I’ve learned that a multitude of characteristics are unique to colleges and universities, perhaps none more so than the faculty. Cathy Trower, governance consultant and former administrator, researcher, and faculty member, and Barbara Gitenstein, president of The College of New Jersey, explored this issue with me recently.
Why should board members build a relationship with the faculty?
Barbara: Board members hold the institution “in trust." They are responsible for overseeing educational quality. Faculty are the most important means whereby an institution "delivers" the product. Interaction between these two participants can only improve results.
Cathy: On a more basic, fiduciary level, the faculty is the most expensive non-capital investment a university makes. And, faculty working conditions are student learning conditions.
What’s the most important thing for board members to understand about faculty?
Barbara: Faculty consider themselves independent agents. Even faculty members who participate in collaborative research and pedagogy are, by nature, independent workers and thinkers.
Cathy: They can be brilliant, quirky, temperamental, wise, friendly, warm, or aloof—qualities we find in all people. But, in faculty, the range is celebrated and considered almost foundational to their nature. Faculty satisfaction, morale, motivation, productivity, and success matter in countless ways. The very culture and reputations academic institutions depend directly on the faculty and their work.
How, when, and where should faculty and boards come together?
Cathy: As two of the parties to shared governance, they need to learn about and from each other. They need to establish respect and trust. The only way to do that is to spend time together talking, listening, and sharing perspectives about what they have in common—love of the institution. Good governance practice builds in time for boards and faculty interactions—formal at meetings where faculty members present on panels, field questions, or lead small group discussions and informal over a meal or at campus events.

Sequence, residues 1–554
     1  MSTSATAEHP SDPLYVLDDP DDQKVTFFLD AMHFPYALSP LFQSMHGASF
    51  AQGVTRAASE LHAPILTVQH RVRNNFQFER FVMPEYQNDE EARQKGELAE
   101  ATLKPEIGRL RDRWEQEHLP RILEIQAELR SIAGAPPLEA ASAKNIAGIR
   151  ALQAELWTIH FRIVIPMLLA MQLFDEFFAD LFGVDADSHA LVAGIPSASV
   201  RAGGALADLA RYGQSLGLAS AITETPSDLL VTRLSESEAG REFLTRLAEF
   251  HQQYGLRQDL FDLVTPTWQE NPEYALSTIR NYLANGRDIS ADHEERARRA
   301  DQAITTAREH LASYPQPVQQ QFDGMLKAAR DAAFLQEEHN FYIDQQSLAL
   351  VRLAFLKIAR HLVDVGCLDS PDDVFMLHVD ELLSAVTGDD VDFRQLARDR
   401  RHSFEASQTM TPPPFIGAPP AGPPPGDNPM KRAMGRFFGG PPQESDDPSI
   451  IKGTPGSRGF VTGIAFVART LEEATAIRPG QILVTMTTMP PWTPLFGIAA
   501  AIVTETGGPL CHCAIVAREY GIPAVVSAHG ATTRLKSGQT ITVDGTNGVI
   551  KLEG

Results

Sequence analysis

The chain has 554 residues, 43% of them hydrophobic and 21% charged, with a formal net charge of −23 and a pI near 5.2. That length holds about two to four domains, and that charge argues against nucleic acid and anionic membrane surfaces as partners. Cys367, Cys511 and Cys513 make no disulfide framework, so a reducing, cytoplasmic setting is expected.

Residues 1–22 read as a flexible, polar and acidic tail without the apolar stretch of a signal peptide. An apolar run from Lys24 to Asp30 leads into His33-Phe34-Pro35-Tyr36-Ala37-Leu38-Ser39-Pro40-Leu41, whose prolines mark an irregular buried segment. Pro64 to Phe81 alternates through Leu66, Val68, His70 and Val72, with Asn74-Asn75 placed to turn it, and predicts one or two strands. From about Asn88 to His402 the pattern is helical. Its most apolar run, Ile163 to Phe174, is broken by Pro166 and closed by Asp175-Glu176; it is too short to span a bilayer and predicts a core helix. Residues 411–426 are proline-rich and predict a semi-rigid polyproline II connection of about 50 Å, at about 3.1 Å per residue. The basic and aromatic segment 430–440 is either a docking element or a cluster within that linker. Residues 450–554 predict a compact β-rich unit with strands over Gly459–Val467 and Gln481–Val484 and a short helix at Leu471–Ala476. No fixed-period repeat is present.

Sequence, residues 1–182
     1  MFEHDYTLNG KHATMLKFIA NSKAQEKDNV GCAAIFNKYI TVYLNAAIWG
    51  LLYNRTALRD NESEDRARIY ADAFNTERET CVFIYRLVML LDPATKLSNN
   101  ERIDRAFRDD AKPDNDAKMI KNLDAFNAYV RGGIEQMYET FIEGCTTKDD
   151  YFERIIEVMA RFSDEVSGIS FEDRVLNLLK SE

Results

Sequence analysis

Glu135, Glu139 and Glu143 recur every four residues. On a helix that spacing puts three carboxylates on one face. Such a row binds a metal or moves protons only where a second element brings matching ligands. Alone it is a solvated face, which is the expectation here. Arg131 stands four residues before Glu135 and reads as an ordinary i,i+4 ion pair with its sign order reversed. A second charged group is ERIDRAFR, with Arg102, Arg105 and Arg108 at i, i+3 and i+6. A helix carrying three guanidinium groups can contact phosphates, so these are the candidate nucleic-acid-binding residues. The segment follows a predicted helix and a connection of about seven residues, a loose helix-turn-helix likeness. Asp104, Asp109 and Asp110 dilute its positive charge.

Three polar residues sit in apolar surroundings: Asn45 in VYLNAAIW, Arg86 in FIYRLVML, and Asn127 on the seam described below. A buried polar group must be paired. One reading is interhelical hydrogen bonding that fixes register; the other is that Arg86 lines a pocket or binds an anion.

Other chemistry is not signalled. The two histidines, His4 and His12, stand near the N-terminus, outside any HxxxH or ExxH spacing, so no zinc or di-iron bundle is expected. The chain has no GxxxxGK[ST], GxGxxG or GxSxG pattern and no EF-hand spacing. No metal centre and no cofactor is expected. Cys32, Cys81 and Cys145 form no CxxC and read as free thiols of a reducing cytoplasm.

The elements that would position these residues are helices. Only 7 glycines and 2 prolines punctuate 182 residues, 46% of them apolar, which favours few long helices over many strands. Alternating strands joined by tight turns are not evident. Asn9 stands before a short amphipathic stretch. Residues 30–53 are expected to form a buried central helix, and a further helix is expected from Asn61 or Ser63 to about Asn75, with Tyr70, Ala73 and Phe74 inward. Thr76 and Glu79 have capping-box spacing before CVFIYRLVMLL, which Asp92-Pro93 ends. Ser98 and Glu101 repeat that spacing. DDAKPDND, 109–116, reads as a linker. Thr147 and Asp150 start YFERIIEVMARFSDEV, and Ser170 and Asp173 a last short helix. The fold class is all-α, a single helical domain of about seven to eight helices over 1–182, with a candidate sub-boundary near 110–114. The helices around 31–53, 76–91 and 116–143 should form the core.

Barbara: Actually, the tradition of engagement and interaction should extend to all internal stakeholders: trustees, faculty, students, administrators, and staff. Higher education is complicated, and institutions benefit immensely when leaders with different perspectives muse out loud, together, about the future.
Cathy: Truly engaging the board and faculty is challenging because if you’ve met one faculty member, you’ve met one faculty member; and if you’ve met one trustee, you’ve met one trustee. I recommend inviting various faculty members to board and committee meetings, periodically, to foster dialogue. Each group needs to see how the other views the world in order to understand the factors that impede and propel academic excellence.